We talk about globalization primarily in the context of how human activities connect up distant parts of the world. But there are natural processes that are global in scope as well. One of these is the transportation of mineral-rich dust from the Sahara Desert in North Africa to the Amazon Basin in South America.
Every year, this dust is lifted into the atmosphere by winds and carried on a 5,000-mile journey across the North Atlantic. It turns out that this dust plays a critical role in the Amazon basin ecosystem. The Amazon Basin in turn plays a major role in global climate. Its trees and plants remove huge quantities of carbon dioxide from the atmosphere and stores the carbon in vegetation.
The transcontinental journey of dust is important because of what is in the dust. The dust picked up from ancient lake beds in Chad comes from rock minerals formed by dead microorganisms and is loaded with phosphorus. Phosphorus is an essential nutrient for plant growth and is in short supply in Amazonian soils. Local nutrients like phosphorus in the Amazon mostly come from fallen, decomposing leaves and organic matter but tend to be washed away by rainfall into streams and rivers.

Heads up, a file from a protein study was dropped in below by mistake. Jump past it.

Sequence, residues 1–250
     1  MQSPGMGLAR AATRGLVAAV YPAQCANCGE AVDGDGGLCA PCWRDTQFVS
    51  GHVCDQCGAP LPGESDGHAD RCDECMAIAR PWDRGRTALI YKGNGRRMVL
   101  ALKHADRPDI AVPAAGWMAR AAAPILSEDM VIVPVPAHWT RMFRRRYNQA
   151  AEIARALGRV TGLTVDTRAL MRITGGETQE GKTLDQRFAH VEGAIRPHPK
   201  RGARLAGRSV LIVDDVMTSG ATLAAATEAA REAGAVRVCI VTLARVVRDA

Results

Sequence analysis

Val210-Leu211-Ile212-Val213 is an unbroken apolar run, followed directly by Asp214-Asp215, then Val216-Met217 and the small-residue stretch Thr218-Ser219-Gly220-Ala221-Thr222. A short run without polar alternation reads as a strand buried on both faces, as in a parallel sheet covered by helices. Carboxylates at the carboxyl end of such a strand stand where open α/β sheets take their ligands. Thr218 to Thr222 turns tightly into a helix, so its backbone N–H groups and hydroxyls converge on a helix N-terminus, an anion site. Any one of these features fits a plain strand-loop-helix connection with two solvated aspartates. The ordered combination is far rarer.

Studies have shown that the phosphorus that reaches Amazon soils from Saharan dust is essential to replace the amounts lost to rain and flooding.
Recent research has found that the quantities of dust transported to South America are inversely linked to rainfall in North Africa and is likely to be affected by climate change. Changes in dust transport could affect plant growth in the Amazon and the amount of CO2 removed from the atmosphere. The forces that affect the climate are truly global in nature.
Photo, posted April 19, 2011, courtesy of CIAT via Flickr. Photo credit: ©2011CIAT/NeilPalmer.